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The Scoop on the Refinance

November 12th, 2013 at 07:33 pm

So today I went and had a talk with our lender.

When we got the loan we had such non-existent credit (always paid cash) that we couldn't get into the low interest rates. So we got the loan at a 6% rate, and we were told we had to refinance in 2 years.

Well after today I learned some new information.

We don't have to refinance within 2 years. He said he can extend it as long as we like, nothing happens. So we don't have a strict timeline anymore, except for worrying about if rates are going to increase.

Current 30 year fixed are at 4.5% at my bank. Which is already higher than I was hoping, when we first got our mortgage they were like 3.75%.

The big things holding us back from refinancing now is the loan fees. They charge more the lower your credit score is.

Credit Score | Refinance Fee

700 | 1.25%
720 | .75%
740 | .50%

Any less than that your talking 2% or 3% fees

Well since it's been over a year since our mortgage I told him to go ahead and pull our credit score to see how we were doing.

Mine is about 680 and husbands is about 670.


Not much progress in a year. He said there is nothing bad on there, the low score is just from "length of history."

So now it's a waiting game for our scores to go up to get in the lower bracket.

In all honesty with the amount we are going to refinance at the lowest our fee will be $300 and at the high end $750. So it's not all that much of a difference.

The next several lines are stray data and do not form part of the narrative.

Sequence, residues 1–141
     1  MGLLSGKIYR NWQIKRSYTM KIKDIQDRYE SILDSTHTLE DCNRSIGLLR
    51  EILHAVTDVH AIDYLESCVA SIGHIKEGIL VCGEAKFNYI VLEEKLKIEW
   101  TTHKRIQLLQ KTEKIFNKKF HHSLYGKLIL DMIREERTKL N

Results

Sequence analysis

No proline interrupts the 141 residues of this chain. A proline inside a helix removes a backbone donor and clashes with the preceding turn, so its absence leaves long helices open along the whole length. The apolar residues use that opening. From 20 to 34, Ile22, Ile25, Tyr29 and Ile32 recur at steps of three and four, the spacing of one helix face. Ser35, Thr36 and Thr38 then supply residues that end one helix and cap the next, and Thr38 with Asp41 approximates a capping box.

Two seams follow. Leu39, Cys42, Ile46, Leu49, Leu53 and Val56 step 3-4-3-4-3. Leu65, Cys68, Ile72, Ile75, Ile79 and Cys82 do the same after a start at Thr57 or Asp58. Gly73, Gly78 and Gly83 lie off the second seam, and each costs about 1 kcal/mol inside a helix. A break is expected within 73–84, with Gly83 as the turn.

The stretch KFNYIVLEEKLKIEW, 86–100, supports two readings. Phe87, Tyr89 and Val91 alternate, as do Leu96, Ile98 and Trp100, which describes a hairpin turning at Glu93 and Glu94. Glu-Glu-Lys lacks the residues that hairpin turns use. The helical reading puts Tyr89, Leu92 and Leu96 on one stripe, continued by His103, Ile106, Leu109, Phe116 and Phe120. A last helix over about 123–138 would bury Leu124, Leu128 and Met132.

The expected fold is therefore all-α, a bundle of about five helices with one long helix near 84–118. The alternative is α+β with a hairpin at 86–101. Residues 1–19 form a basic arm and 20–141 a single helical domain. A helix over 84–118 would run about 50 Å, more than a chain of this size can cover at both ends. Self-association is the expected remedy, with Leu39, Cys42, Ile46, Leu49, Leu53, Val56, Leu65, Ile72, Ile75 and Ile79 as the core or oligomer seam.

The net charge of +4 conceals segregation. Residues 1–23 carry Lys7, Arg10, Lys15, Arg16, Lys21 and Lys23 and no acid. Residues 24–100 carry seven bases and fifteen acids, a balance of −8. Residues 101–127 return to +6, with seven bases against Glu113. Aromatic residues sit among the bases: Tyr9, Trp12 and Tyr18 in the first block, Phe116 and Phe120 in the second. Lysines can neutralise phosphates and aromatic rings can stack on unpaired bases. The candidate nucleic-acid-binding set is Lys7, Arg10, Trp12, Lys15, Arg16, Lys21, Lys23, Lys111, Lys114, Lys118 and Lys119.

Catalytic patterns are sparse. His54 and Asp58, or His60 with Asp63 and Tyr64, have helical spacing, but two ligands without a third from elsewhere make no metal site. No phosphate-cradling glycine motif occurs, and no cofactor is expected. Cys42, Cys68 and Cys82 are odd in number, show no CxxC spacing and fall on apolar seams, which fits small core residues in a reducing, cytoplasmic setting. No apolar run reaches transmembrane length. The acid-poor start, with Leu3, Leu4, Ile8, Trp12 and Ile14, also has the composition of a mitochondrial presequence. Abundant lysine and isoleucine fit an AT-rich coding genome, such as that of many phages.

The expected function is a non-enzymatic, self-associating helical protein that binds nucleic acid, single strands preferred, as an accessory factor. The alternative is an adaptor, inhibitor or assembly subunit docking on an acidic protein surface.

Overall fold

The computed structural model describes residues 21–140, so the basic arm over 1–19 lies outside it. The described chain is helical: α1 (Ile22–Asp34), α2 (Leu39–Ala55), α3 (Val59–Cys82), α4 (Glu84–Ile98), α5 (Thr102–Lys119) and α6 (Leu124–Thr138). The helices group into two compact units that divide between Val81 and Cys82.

But we will just keep making payments and let our score grow.

Now the main question is, do we do as planned and refinance in the summer, or do we wait another year or two until we are actually ready for our remodel with the chance that interest rates will rise more?

1 Responses to “The Scoop on the Refinance”

  1. snafu Says:

    Is it your plan to continue making the same payment on your mortgage with the escrow reduced by $ 50. each month? If that's the case, make certain that the $ 50. is directly applied to the Principal. If you look at the amotorization tables you'll see that most of your payment is interest.

    I suggest that you look at mortgage rates offered by on-line financial institutions. If you can get a better deal you can ask your lender to match if you prefer the brick and mortar bank. Lenders can adjust fees as they wish and there are no rules. They'll charge more if they think you'll pay more. They can charge less if they think you'll refinance somewhere else. A mortgage is usually a terrific money maker for lending institutions as you can pay 3 times the value of the mortgage over the length of years.

    The 'talking heads' on business news seem to believe that interest rates will edge back towards normal after March 2014 if employment rates stay up.

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